Freight Classification Demystified
Class is not just important in the worlds of etiquette and business – it's also a vital aspect of freight shipping, albeit with a slightly different meaning. When we refer to class in the shipping world, we're talking about freight classification. It's a subject every small and mid-sized business should have some familiarity with, which is why we'd like to give you a brief class on class when it comes to freight.
Freight Classification Basics
There are many factors that go into determining the price of your freight shipment, but class is both one of the most critical and most often misunderstood. Freight classes provide a common ground between shippers and carriers to help determine the appropriate cost of a given freight shipment. Fail to classify your freight correctly, and your shipments can be delayed or incur post-shipment reclassification charges from carriers. The National Motor Freight Traffic Association (NMFTA) standardizes freight classes in a system called the National Motor Freight Classification, or NMFC.
Why is the NMFC Important?
The NMFC provides a comparison of commodities that are transported via freight. It groups commodities into one of 18 classes – ranging from 50 to 500 – based on four key characteristics: density, handling, stowability and liability. By having one established standard in the freight industry, carriers and shippers can fairly evaluate and negotiate pricing on shipments. Using freight classes allows everyone to “speak the same language” when it comes to freight shipment costs.
The Necessity of Using the Right NMFC Code
A really easy way to add cost and time to your shipment is to cut corners on determining the right NMFC code. Using an incorrect code when you are getting a shipping quote will result in the carrier performing a reclassification of your shipment, which can add both time and cost. Properly classifying your shipment on the bill of lading is one of the most important things you can do to ensure an accurate quote and avoid unexpected charges or shipping delays.
It's critical to never try to guess your freight's class. If you get your class wrong, it can reduce the carrier's liability if there's an issue with your shipment. Deliberately entering a lower class to try to save money doesn't pay off either, because the carrier will inspect your shipment and apply additional charges if the class is wrong. It's also important to include the right item number on your bill of lading (BOL).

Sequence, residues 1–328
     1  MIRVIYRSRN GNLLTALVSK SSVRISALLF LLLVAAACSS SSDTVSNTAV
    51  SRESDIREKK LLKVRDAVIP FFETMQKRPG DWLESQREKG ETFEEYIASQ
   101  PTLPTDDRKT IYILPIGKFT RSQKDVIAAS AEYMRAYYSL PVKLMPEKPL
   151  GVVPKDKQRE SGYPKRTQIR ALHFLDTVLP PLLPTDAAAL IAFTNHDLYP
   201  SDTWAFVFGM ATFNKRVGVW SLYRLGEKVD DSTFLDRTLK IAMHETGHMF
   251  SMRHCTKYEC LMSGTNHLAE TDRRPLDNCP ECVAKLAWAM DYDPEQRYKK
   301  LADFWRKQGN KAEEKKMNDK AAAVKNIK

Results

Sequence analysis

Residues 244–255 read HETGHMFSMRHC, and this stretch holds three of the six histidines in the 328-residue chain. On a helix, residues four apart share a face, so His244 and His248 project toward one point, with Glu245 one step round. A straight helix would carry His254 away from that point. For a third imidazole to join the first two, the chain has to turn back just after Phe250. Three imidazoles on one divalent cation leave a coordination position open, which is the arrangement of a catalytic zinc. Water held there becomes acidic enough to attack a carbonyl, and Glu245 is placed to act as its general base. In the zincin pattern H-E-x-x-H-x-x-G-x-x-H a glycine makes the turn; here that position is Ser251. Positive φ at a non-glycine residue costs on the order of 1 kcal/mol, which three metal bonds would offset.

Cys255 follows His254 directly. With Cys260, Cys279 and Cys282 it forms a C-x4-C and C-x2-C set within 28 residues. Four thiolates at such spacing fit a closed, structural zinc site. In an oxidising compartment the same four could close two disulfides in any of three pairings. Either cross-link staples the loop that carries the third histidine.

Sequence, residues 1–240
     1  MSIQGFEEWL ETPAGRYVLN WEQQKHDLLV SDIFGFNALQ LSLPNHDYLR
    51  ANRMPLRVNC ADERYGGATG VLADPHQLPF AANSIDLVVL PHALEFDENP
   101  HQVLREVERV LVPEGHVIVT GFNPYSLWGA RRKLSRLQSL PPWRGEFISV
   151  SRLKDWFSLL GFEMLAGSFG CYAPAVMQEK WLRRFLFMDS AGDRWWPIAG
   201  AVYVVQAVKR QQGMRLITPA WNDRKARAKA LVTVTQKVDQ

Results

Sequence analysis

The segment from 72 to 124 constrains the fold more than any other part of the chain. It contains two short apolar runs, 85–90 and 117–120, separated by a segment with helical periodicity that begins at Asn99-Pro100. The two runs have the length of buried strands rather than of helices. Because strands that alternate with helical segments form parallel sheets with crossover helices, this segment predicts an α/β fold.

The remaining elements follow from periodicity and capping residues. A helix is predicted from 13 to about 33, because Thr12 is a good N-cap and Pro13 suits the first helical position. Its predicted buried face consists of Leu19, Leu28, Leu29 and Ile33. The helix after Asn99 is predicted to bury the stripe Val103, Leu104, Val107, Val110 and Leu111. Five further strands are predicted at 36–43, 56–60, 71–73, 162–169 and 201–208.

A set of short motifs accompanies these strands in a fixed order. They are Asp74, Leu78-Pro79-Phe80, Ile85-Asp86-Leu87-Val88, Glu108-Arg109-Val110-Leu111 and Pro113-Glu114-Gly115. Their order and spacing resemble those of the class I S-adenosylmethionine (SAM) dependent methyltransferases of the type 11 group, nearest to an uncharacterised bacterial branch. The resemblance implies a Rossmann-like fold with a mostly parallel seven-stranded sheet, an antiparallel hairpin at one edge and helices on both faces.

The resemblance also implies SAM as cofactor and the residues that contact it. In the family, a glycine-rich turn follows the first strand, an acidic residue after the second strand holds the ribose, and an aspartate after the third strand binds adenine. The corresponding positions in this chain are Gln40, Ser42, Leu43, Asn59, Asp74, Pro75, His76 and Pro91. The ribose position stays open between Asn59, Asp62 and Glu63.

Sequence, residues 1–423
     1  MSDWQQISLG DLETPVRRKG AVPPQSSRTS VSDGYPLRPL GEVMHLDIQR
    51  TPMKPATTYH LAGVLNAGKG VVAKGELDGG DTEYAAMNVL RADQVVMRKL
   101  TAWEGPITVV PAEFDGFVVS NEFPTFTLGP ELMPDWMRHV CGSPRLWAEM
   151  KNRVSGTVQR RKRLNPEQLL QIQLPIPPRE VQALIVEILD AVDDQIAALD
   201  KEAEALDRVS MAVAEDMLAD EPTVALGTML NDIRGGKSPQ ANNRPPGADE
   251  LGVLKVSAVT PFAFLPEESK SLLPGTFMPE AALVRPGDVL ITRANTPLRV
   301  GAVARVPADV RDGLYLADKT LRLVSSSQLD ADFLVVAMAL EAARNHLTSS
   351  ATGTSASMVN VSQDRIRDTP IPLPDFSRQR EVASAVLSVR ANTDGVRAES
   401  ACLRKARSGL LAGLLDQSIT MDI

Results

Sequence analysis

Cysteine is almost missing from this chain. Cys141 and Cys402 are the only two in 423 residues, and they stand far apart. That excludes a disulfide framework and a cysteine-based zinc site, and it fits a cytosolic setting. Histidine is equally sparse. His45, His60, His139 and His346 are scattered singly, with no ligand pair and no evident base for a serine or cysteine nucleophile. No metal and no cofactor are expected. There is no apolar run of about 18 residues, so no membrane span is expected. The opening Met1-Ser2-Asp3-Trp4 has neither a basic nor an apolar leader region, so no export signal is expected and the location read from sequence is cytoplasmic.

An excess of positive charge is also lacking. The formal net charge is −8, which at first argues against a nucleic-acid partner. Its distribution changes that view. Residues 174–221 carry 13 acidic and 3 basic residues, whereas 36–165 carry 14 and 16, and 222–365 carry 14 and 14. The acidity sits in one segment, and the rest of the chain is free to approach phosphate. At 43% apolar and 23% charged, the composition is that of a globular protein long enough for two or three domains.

Most of all, stay prudent: the NMFC is constantly evaluated to ensure that it is accurately reflecting the current state of freight shipping and the needs of both carriers and shippers. These evaluations result in changes to the classification codes from time to time, so you should routinely check when creating new shipments to ensure you're still using the correct information.
How to Calculate your Shipment's Class
SpeedShip®, our easy-to-use online shipping tool, can help you determine and enter the correction freight classification for your shipment. There are also numerous freight class calculators available online – you simply need to enter in your shipment's dimensions and you will be given the recommended class to use.
We hope this information has helped de-mystify the freight classification process a bit. Even when you're armed with definitions and calculators, however, deciphering freight class can sometimes be a complex task. The shipping experts at a trusted third-party logistics provider like Worldwide Express are always available to answer all of your classification-related questions and ensure that you're using the right class with every shipment, every time.